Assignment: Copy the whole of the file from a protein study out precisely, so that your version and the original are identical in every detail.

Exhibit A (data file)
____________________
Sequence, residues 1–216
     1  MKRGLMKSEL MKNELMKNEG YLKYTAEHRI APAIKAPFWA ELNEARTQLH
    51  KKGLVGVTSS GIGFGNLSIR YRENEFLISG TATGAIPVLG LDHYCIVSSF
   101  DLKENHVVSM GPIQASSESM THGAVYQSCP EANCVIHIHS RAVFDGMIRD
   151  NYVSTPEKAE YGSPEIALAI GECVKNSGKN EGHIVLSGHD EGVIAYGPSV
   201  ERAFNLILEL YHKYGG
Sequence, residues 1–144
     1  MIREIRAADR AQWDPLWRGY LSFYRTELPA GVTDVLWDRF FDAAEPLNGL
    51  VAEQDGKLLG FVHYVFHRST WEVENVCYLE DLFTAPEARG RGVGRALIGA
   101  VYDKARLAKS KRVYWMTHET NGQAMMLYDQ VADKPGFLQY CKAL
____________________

Sequence, residues 1–216
     1  MKRGLMKSEL MKNELMKNEG YLKYTAEHRI APAIKAPFWA ELNEARTQLH
    51  KKGLVGVTSS GIGFGNLSIR YRENEFLISG TATGAIPVLG LDHYCIVSSF
   101  DLKENHVVSM GPIQASSESM THGAVYQSCP EANCVIHIHS RAVFDGMIRD
   151  NYVSTPEKAE YGSPEIALAI GECVKNSGKN EGHIVLSGHD EGVIAYGPSV
   201  ERAFNLILEL YHKYGG
Sequence, residues 1–144
     1  MIREIRAADR AQWDPLWRGY LSFYRTELPA GVTDVLWDRF FDAAEPLNGL
    51  VAEQDGKLLG FVHYVFHRST WEVENVCYLE DLFTAPEARG RGVGRALIGA
   101  VYDKARLAKS KRVYWMTHET NGQAMMLYDQ VADKPGFLQY CKAL